Scientists have analyzed in mice genomic profiles of various epigenetic marks of chromatin, the set of DNA and proteins found in the nucleus of eukaryotic cells in response to a family of drugs, inhibitors of histone deacetylase enzymes ( HDACi), which could represent an effective tool for the treatment of diseases affecting the nervous system.

The study describes the impact of the genomic level profiles HDACi in histone acetylation, a process related to the regulation of gene transcription or expression. "Taken together, our results illuminate both the relationship between gene expression and histone acetylation, as the mechanisms of action of these drugs neuropsychiatric" CSIC researchers say Angel Boat and Jose Lopez, who work at the Institute of Neuroscience ( joint CSIC and the University Miguel Hernández).

In a second study published in The Journal of Neuroscience, researchers have determined first genome-wide epigenetic alterations associated with Huntington's disease and its relationship failures genome expression also observed in this disease hereditary degenerative disease of the brain.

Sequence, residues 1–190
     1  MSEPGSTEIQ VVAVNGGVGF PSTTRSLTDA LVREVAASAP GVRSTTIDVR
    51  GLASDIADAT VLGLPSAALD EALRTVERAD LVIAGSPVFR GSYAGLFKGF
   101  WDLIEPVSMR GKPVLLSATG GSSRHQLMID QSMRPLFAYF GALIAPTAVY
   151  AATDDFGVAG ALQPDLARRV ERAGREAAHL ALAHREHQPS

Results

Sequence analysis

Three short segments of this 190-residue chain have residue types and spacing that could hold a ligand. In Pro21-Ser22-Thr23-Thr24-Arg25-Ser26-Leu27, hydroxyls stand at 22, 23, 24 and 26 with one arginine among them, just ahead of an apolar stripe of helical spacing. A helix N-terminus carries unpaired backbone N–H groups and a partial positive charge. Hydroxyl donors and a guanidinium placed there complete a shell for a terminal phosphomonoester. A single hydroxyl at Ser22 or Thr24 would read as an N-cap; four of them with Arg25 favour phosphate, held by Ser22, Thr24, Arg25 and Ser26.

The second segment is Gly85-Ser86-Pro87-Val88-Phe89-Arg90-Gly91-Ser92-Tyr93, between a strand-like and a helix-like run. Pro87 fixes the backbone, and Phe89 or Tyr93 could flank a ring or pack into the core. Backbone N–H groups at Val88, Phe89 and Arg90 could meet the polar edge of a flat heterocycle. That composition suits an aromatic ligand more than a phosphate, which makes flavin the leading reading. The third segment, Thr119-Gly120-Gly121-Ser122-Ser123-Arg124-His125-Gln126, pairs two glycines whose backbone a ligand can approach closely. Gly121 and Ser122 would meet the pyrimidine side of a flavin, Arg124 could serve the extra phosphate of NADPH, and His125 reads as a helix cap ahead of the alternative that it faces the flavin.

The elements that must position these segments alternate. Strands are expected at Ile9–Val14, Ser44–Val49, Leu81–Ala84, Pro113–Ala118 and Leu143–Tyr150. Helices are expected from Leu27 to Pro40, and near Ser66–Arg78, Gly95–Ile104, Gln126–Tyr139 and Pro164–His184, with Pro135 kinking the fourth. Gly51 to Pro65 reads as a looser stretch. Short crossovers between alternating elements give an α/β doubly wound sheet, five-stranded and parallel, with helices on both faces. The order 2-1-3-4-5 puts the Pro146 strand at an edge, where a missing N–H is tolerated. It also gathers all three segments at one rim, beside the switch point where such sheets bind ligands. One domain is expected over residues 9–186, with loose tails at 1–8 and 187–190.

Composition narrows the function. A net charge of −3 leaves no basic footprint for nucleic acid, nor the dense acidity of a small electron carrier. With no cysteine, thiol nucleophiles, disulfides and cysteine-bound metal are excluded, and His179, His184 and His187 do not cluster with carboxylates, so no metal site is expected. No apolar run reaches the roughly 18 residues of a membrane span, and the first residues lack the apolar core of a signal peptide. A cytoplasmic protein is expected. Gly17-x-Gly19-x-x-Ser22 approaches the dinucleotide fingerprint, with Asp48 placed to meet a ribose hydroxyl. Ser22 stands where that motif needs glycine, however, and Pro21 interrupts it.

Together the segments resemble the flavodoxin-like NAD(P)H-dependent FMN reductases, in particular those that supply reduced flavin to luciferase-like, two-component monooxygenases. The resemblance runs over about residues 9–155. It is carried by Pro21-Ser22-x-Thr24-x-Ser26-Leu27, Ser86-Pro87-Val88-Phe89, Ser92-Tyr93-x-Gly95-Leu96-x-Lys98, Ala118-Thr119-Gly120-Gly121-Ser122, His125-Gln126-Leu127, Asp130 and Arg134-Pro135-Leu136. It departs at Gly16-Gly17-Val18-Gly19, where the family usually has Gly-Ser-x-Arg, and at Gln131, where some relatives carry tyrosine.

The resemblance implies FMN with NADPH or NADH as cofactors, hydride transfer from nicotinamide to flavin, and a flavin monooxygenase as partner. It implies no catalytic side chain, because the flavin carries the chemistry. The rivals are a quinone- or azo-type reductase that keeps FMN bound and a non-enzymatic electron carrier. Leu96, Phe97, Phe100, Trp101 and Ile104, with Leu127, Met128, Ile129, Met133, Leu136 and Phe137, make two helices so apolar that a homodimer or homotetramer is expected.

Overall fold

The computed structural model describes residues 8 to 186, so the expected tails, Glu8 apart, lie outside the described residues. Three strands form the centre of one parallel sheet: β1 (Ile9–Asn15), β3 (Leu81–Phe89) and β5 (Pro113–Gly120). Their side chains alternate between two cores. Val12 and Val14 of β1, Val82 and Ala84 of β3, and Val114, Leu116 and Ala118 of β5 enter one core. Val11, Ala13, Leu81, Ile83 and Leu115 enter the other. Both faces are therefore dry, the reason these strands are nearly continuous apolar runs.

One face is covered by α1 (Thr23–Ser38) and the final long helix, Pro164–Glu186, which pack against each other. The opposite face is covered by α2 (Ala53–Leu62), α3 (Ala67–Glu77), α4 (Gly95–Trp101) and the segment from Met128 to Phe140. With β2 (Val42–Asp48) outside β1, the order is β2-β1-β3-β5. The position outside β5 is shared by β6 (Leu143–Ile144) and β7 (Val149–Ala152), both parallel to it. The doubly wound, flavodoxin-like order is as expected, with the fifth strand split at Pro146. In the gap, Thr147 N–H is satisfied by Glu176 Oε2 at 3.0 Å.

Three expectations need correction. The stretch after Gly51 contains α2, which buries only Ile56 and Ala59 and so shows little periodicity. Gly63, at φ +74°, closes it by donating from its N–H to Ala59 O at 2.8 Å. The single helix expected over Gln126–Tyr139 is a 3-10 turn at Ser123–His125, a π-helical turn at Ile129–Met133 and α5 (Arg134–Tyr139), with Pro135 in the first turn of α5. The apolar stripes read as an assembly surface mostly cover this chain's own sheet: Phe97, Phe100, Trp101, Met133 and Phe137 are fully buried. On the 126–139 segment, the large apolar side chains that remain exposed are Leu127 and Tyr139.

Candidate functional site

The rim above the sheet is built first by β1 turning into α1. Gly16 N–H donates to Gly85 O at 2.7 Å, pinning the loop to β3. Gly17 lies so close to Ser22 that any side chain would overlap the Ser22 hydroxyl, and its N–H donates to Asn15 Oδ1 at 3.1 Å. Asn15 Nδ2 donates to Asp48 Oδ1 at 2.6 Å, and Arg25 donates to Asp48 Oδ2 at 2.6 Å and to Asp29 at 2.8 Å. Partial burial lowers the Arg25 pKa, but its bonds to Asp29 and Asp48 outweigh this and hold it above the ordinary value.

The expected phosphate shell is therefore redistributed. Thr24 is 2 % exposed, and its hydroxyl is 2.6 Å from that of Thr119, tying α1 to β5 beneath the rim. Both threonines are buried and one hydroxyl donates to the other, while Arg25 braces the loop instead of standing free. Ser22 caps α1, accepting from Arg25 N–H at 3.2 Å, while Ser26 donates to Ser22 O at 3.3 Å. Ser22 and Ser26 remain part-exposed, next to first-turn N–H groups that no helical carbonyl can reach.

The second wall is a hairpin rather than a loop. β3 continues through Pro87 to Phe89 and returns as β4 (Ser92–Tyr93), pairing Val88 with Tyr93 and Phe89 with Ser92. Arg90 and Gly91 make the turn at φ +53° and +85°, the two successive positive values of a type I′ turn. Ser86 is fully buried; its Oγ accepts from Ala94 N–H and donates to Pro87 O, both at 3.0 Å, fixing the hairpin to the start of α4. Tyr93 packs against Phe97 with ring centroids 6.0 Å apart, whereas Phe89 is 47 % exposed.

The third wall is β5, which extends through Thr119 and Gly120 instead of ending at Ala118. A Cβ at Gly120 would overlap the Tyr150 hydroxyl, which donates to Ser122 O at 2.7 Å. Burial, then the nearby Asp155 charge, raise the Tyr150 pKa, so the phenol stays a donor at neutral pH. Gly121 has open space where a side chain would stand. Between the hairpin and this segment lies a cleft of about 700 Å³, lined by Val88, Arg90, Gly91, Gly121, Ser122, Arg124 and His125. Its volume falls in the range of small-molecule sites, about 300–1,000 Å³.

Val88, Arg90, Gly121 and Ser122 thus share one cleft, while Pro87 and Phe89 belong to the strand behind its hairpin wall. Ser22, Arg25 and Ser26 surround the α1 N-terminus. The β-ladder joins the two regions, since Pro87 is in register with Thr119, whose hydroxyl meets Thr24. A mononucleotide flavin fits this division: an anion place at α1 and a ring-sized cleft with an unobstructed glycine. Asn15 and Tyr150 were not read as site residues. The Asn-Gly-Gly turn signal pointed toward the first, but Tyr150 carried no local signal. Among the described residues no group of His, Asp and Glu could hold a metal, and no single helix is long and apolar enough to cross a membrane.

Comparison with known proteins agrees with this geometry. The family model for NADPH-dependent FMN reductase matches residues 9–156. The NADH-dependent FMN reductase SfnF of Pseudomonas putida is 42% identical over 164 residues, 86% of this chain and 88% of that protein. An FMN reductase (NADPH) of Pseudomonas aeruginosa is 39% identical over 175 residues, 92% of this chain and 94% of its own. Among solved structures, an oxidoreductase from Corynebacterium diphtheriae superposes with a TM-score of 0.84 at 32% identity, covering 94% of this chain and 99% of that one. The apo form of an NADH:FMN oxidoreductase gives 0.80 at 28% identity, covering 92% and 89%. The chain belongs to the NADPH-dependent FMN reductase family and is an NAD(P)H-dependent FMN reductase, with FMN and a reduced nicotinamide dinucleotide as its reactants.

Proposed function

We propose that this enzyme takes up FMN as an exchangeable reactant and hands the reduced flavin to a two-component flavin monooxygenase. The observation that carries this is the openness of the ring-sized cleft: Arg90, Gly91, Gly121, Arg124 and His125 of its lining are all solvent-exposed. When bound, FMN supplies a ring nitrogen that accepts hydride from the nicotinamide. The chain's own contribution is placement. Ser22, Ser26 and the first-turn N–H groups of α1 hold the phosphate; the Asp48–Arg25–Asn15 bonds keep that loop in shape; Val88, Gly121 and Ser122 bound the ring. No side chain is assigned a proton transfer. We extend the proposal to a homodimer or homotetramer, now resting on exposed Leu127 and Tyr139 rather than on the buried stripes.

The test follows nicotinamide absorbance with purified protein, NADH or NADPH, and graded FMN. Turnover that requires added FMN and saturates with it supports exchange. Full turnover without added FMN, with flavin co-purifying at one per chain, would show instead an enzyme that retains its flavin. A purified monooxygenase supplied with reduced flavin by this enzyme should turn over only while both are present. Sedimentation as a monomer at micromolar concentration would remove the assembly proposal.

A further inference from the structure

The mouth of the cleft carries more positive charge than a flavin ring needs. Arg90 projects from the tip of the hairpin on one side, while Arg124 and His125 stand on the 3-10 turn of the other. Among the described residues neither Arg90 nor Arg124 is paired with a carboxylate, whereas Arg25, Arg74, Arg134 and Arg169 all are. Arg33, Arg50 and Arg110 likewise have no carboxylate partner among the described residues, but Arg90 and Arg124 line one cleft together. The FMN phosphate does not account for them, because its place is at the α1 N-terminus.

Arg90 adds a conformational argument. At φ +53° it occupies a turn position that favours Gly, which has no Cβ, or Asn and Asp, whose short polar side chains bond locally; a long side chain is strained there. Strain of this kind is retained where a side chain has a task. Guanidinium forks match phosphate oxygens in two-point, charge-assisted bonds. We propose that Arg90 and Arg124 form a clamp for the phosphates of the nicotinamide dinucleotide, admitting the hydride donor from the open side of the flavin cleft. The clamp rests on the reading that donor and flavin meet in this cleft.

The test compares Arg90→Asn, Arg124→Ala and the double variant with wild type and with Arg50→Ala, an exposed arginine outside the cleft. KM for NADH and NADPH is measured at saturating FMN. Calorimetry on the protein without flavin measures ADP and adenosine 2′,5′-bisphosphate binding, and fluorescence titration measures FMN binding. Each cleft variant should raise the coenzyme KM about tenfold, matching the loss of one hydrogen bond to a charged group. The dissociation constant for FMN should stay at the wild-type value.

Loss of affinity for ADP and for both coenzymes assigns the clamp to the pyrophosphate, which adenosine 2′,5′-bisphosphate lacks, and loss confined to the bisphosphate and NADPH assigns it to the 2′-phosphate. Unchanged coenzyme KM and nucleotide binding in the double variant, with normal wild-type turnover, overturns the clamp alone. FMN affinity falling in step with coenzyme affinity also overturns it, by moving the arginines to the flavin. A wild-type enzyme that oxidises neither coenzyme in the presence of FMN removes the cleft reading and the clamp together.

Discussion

"The result of these experiments has revealed that defects in transcription and histone acetylation are two independent manifestations of the disease affecting a large number of genes, but that converge in a small number ofgenes," says CSIC researcher Luis Miguel value.

"These genes altered in both processes are particularly important to the development of the disease and therefore represent new targets for the development of drugs or therapies" adds Angel Barco. The study also provides new clues to understanding the mechanism of action of HDACi drugs in the treatment of Huntington's disease allowing therefore improve its specificity.

 

 

  • Jose P. Lopez-Atalaya, Satomi Ito, Luis M. Valor, Eva Benito, y Ángel Barco. Genomic targets, and histone acetylation and gene expression profiling of neural HDAC inhibition. Nucl. Acids Res. DOI:10.1093/nar/gkt590.
  • Valor LM, Guiretti D, López-Atalaya JP, Barco A. Genomic landscape of transcriptional and epigenetic dysregulation in early onset polyglutamine disease. Journal of Neuroscience. DOI: 33(25):10471-10482.

Fotografía: This work has been released into the public domain by its author, brian0918. This applies worldwide.